My doc called today and answered most of the questions we had. First, he confirmed the surgery date for June 18th, and explained what needed to be done in preparation. I have to have medical clearance from my primary because they will be tubing me. I was a little surprised that they decided to tube me, because from other stories I have read, most people just get twilight sedation or local anesthetic. I’m guessing that because they are repairing both sides as well as taking biopsies, that this might be a little bit longer of a surgery, and that it would warrant being under general anesthesia.
Next he explained that after speaking with Jess’ IVF doc, that he would keep the biopsies and do all the pathology instead. I’m unsure why IVFNJ would not want to do it. I have read on other sites, as well as medical journals, that they have frozen TESE sperm with not the greatest results, but some good results, no less. Oh well, I guess we will just have to go with the flow.
Recovery time for me will be about 2 weeks before I can return to work. Most people are released for work after 1 week, but with my job, I need to be 100% before I can return. In regards to the varicocele repair, the doc said you normally have between 3 and 6 months before you can see any results. He’s putting the mark at 4 months before we do any more testing. This would put us at starting another IVF round sometime in November or early December (if all goes well).
Jess got a call from the IVFNJ doc today. He was confused about the message he recieved from my doc. My doc was trying to coordinate my varicocele repair with IVFNJ. He wasn’t trying to get Jess on an IVF cycle, but did want to send some biopsies to IVFNJ for sperm extraction/freezing (if they find any). Her doc explained to Jess that they don’t really freeze sperm from TESE. It has a terrible pregnancy rate, and they would not count on it as backup. This is a small step backward, because we thought if they had found some sperm, that we could freeze it for the next round of IVF. Regardless, I will probably have to go through another surgery for extraction. This just moves us closer to donor backup.
Today was my appointment for the reproductive urologist visit. Jess took off of work early so she could make the trip with me. When she got home, we rounded up the results from my previous semenalysis, hopped in the car and started making the trip to Marlton. From my previous visit to the Marlton office, I knew we would have a decent wait to be seen. It seems like this office over books, and is in slow motion. Not to mention that my doctor is only there on certain days. Once we finally got in to see the Doc, we gave him the results from the previous semenalysis done by IVFNJ. He was a bit surprised because all earlier tests done showed me with a diagnosis of azoospermia. From what reproductive endocrinologist at IVFNJ explained, it seems that regular labs (Centra State, which is where all my previous semenalysis’ were done), will mark the results as no sperm even if there are a small quantity. I’m assuming this is because an abnormal result would be less than 20 million per ml., and how do go about reporting maybe 10 per ml. There is no scale to measure that little quantity. Also, the lab at IVFNJ looks through the entire sample, not just a small quantity of it. Anyway, the point is they did find something!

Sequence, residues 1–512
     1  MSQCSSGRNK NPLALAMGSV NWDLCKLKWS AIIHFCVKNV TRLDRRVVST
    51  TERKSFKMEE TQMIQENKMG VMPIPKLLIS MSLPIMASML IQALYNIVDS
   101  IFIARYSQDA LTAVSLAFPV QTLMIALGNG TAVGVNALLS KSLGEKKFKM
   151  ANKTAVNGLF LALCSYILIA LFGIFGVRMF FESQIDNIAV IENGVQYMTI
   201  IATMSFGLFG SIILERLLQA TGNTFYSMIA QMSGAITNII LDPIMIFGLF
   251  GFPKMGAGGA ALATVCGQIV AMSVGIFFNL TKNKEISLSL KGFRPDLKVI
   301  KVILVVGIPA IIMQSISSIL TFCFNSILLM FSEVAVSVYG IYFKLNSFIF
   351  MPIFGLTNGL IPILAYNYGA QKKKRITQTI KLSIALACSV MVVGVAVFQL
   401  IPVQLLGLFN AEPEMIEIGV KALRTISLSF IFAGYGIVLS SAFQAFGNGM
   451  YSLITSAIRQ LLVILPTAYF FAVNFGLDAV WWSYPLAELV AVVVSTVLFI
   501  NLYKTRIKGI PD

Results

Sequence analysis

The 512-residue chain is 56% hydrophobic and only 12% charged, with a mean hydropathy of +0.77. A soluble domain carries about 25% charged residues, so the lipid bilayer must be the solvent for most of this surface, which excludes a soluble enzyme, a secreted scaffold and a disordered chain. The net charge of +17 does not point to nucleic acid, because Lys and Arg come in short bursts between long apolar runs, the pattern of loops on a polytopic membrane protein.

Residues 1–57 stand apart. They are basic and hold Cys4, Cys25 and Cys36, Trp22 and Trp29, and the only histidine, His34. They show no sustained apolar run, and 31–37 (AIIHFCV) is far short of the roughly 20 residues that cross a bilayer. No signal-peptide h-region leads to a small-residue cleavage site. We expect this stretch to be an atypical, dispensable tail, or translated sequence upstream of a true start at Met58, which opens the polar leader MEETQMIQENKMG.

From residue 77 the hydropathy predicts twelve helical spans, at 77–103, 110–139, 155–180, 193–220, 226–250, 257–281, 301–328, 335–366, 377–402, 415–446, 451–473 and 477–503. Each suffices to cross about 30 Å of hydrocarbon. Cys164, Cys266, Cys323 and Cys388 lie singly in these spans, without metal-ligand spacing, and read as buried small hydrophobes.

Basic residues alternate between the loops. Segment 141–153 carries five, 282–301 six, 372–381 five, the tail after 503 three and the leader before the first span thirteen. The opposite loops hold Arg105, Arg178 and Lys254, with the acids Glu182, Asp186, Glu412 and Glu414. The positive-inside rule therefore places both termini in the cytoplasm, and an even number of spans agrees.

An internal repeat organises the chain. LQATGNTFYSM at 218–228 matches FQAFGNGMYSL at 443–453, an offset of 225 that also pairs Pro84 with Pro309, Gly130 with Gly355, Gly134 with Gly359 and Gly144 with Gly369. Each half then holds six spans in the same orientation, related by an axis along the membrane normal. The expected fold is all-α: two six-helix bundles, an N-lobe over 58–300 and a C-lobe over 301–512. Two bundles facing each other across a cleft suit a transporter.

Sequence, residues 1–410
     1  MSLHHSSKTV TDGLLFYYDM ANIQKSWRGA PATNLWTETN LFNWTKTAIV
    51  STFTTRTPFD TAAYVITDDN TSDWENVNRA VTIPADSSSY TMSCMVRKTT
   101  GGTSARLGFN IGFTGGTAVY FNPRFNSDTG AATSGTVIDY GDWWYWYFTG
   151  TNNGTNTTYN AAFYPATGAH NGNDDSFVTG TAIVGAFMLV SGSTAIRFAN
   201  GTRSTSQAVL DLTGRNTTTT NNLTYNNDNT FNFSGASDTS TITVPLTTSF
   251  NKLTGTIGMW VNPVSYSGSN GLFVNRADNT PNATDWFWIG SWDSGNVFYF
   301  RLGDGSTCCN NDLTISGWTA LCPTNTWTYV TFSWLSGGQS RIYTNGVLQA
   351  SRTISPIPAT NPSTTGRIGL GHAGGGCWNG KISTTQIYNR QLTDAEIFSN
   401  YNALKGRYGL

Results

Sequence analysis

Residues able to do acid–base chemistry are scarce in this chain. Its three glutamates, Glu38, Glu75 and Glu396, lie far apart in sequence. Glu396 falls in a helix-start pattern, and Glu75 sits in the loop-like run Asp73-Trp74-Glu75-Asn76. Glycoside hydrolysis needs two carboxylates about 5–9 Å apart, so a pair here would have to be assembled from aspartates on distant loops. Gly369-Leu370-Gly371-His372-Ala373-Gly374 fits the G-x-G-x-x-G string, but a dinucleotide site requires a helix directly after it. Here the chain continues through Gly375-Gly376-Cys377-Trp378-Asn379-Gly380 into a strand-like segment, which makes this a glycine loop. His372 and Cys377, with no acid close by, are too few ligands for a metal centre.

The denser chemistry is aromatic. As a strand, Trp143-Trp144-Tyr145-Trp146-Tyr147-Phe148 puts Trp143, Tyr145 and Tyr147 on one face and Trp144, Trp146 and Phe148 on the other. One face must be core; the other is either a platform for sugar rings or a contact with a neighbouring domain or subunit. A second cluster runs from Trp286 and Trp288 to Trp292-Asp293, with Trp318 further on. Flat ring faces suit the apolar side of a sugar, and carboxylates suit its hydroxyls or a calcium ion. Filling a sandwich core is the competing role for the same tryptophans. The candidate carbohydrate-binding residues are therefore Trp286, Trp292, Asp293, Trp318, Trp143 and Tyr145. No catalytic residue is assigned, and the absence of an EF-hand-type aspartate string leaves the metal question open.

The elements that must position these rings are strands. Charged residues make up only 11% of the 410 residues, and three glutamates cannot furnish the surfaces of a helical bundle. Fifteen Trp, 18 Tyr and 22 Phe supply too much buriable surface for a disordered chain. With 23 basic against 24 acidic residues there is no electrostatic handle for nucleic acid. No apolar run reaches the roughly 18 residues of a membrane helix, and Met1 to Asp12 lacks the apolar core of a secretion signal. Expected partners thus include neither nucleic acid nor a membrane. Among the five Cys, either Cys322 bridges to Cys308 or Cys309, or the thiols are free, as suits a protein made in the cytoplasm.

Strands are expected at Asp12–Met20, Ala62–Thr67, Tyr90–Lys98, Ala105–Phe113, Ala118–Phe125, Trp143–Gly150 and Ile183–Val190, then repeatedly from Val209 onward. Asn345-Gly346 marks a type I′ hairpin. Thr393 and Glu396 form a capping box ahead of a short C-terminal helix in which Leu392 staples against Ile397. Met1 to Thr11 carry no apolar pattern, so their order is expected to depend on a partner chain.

The Doc explained that the only true way to determine my lack of sperm would be through further testing (DNA, major biopsies). After answering our 1000 questions, the Doc agreed to be on board with the cycle of IVF. He explained that he would be performing a percutaneous sperm aspiration procedure(this is a variation of a TESE procedure called PESA), using local anesthetics, and sperm extraction through needles. He uses ultrasonic guidance, which helps to locate areas that would have a better chance of having sperm. This is opposed to going in blind and just taking multiple samples here and there. This brings us to our last question posed for the Doc. Which was “What are the chances of finding viable sperm?” His response was a very conservative 50/50. He did however say that having any kind of sperm in the last semenalysis was a great sign! We are hoping and praying for the best!